location. Although the vCenter database uses Windows authentication, the Event
Database does not.
Figure 3.8 Select Mixed Mode.
Update the default locations for the databases and logs, as shown in Figure 3.9.
Even if you are running the Windows Database Server as a VM, it is a good idea to
separate the database and the logs on separate partitions. Separating the database and
logs on separate partitions ensures that you can still manage the SQL Server in the
event you run out of capacity on the volumes. If the SQL Server is virtual, you can
separate different Virtual Machine Disks (VMDKs) on different storage tiers to more
finely control IO.
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Figure 3.9 Separate the database logs from the OS partition.
After the SQL instance is installed, it is important to ensure your SQL databases are
backed up properly. Microsoft SQL 2008 makes this process easy to configure. Of course,
there are other third-party solutions that back up not only your database instances but also
everything else in your environment. SQL supports a Simple or Full recovery model. A
Simple recovery model does not back up the logs, so recovery is limited to the last backup.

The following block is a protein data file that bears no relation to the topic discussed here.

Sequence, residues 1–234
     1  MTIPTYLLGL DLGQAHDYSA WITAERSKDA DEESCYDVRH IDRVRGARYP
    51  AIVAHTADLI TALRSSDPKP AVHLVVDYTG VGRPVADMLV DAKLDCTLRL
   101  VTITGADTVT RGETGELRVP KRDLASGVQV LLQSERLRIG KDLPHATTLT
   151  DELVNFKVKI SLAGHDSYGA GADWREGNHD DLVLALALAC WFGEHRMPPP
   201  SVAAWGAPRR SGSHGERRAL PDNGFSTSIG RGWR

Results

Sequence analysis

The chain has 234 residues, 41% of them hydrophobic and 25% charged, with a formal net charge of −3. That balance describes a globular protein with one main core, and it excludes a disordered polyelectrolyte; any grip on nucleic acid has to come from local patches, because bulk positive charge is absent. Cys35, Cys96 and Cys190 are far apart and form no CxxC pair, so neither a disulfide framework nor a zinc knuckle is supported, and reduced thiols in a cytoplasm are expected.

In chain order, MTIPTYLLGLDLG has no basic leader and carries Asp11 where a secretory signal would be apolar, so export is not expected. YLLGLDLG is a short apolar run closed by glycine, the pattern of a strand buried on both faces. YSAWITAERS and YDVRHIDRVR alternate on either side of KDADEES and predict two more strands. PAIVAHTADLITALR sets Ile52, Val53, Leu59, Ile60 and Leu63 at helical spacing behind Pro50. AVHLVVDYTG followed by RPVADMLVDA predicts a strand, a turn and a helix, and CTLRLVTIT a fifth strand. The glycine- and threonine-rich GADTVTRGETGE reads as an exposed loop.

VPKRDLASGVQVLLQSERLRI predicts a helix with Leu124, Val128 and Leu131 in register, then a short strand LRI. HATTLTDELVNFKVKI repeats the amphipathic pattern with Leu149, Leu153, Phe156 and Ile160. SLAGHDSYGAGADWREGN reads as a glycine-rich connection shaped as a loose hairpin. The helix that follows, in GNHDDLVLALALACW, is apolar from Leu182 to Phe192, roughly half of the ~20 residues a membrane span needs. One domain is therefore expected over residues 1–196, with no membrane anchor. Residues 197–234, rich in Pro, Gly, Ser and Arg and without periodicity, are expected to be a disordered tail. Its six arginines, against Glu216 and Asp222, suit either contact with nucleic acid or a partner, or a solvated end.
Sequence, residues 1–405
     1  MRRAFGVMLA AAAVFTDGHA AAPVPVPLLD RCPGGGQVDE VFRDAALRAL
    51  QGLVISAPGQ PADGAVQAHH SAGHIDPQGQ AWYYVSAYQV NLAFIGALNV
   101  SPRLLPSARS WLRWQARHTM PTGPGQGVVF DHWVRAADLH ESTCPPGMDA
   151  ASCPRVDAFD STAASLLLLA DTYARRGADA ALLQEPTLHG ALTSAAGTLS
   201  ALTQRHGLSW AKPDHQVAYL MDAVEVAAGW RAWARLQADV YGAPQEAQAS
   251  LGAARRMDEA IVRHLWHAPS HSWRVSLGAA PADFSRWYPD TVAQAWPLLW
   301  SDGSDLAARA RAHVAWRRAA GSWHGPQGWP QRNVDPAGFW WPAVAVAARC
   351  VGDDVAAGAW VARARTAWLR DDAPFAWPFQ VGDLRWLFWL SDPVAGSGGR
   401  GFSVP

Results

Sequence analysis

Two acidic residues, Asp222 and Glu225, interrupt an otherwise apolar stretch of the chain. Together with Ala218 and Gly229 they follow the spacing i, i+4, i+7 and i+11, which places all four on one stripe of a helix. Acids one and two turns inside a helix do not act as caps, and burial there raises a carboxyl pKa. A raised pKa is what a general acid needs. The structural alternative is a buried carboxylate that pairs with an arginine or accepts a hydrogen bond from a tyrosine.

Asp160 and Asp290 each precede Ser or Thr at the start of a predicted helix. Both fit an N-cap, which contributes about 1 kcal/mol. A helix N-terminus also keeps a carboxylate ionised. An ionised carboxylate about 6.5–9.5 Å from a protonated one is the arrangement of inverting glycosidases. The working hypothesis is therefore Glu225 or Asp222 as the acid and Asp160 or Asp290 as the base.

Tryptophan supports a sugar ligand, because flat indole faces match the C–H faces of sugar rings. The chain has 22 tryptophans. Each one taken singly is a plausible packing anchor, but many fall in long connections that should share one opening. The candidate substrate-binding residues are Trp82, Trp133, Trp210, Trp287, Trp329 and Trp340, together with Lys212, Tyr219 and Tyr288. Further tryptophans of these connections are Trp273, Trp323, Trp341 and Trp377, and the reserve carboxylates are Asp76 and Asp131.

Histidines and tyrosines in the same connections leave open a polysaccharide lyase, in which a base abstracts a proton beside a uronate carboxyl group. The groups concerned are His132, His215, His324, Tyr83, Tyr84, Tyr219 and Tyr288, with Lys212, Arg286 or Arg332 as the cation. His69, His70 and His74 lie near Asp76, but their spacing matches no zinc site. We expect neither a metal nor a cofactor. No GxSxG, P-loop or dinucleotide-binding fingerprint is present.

A Full recovery model includes the logs, so it allows you to recover the database to a
certain point in time, assuming the log is not damaged.
For a VMware vCenter environment, you have a vCenter database, an Update Manager
database (which is optional but highly recommended), and also with VMware View, a
View Composer and Events database. We discuss View Composer more in Chapter 6,
“View Operations and Management.” Make sure that you create the database and also
provide the permissions necessary for connecting to the SQL database. The account
requires db_owner permissions to the vCenter and Update Manager database for the
installation. In addition, the account requires temporary db_owner permissions to the
MSDB System database for both vCenter and Update Manager. The purpose is to ensure
the installation can create SQL Agent jobs for the vCenter statistic rollups, for example.
The vCenter statistic rollup jobs allow vCenter to purge data it is collecting to populate
the performance data within vCenter. The tables used to store this data are as follows:
VPX_HIST_STAT1—Stores integral values at the lowest level of granularity (daily
Installing Microsoft SQL Server
VPX_HIST_STAT2—Weekly Stats Rollup Job, which repeats every 30 minutes,